It saddens me to hear that a great man like Nelson Mandela has departed from this lifetime. He was a man who was truly inspirational and showed us the possibilities of how a continued struggle by indigenous people could manifest itself in levels of freedom that have been marred by centuries of oppression.
Our Native people suffered the same types of oppression many times. It is not as overt and as easily distinguished as in some places; however, if you are dead because a policeman shot you, or dead because you could not stand the racial and cultural genocide, so you committed suicide— you are just as dead either away.
Umkhonto We Sizwe (MK) was the armed wing of the African National Congress, which fought against the South African apartheid government. MK was co-founded by Nelson Mandela. It launched its first guerrilla attacks against the racist regime December 16, 1961.
By Joseph Albright and Marcia Kunstel, Cox News Service
June 10, 1990 — For nearly 28 years the U.S. government has harbored an increasingly embarrassing secret: A CIA tip to South African intelligence agents led to the arrest that put black nationalist leader Nelson Mandela in prison for most of his adult life.
But now, with Mandela en route to the U.S. to a hero`s welcome, a former U.S. official has revealed that he has known of the CIA role since Mandela was seized by agents of the South African police special branch on Aug. 5, 1962.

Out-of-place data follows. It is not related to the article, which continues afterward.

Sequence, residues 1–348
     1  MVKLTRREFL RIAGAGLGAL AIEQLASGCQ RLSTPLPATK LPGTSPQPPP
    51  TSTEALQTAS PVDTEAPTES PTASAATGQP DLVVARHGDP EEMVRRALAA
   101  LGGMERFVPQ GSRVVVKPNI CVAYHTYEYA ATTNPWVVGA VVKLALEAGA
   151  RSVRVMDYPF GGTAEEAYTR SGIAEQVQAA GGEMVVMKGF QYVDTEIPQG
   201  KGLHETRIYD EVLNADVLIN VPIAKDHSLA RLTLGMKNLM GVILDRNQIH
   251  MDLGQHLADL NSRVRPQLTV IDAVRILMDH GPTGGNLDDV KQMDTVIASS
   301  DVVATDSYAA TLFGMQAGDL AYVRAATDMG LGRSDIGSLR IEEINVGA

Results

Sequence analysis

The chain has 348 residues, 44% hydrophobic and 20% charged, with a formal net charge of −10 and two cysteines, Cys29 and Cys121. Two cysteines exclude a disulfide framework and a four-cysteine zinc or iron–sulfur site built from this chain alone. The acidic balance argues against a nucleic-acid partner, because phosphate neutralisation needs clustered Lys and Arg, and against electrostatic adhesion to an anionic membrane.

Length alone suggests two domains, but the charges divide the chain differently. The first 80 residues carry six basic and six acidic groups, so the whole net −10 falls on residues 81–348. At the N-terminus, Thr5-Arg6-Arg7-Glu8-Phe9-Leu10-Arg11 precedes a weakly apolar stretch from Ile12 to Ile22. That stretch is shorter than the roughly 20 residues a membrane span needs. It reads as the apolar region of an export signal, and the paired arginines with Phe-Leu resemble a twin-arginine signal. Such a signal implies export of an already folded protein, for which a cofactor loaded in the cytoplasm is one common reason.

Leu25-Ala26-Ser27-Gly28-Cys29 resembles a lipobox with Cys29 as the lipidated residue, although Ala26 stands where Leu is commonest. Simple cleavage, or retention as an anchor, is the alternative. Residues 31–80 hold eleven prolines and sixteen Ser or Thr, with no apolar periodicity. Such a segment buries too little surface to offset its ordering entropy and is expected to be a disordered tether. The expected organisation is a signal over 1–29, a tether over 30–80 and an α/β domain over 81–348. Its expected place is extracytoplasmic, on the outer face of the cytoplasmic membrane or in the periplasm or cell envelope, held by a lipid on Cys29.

The former official, now retired, said that within hours after Mandela’s arrest Paul Eckel, then a senior CIA operative, walked into his office and said approximately these words: “We have turned Mandela over to the South African security branch. We gave them every detail, what he would be wearing, the time of day, just where he would be. They have picked him up. It is one of our greatest coups.”
Soweto, Johannesburg, South Africa: Township residents march to celebrate the life of Nelson Mandela in the street outside his old house, December 6, 2013.
Mandela’s body was moved early this morning from Johannesburg to Pretoria’s One Military Hospital. Mandela’s coffin was draped in South Africa’s flag. The black SUV-type vehicle containing Mandela’s coffin was escorted by the military.
There will now be 10 days of national mourning throughout the country. A memorial service will be held Dec. 10 at a stadium in Johannesburg. His body will lie in state in Pretoria from Dec. 11-13 so that South Africans can pay their final respects. He will then be taken to his ancestral village of Qunu on Dec.15 where he’ll be buried alongside three of his children who are deceased.
March 1, 1990 - While the mass media devoted hours of broadcast time and scores of articles to Mandela’s release, they missed a key part of the story on how he got to prison in the first place—namely, the CIA’s reported role in luring Mandela to his capture.
Mandela was arrested in August 1962, while traveling disguised as a chauffeur. According to 1986 reports in the South African press, Mandela had been on his way to a top secret meeting with the U.S. consul in Durban, South Africa—Donald Rickard, a diplomat reputed to be a CIA officer. Rickard, the reports said, had tipped off the South African authorities to the time and place of his meeting with Mandela, allowing him to be apprehended.
This story was referred to on CBS Evening News (8/5/86), in an op-ed column in the New York Times (10/13/86), and it received extensive coverage in the Fall/Winter 1986 National Reporter. But in all the reporting on Mandela’s release, FAIR saw no mention of the CIA’s reputed role in his capture.